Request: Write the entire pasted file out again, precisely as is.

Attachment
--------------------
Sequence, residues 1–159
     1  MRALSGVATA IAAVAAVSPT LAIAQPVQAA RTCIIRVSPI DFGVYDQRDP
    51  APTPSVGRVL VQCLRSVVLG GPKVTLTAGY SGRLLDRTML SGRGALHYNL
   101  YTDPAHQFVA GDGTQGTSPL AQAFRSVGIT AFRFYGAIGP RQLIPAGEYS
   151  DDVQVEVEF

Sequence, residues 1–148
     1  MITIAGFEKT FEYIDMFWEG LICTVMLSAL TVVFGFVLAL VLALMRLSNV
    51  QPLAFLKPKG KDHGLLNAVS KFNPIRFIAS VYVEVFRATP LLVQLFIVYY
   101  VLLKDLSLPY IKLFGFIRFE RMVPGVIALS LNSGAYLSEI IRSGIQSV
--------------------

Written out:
Sequence, residues 1–159
     1  MRALSGVATA IAAVAAVSPT LAIAQPVQAA RTCIIRVSPI DFGVYDQRDP
    51  APTPSVGRVL VQCLRSVVLG GPKVTLTAGY SGRLLDRTML SGRGALHYNL
   101  YTDPAHQFVA GDGTQGTSPL AQAFRSVGIT AFRFYGAIGP RQLIPAGEYS
   151  DDVQVEVEF

Sequence, residues 1–148
     1  MITIAGFEKT FEYIDMFWEG LICTVMLSAL TVVFGFVLAL VLALMRLSNV
    51  QPLAFLKPKG KDHGLLNAVS KFNPIRFIAS VYVEVFRATP LLVQLFIVYY
   101  VLLKDLSLPY IKLFGFIRFE RMVPGVIALS LNSGAYLSEI IRSGIQSV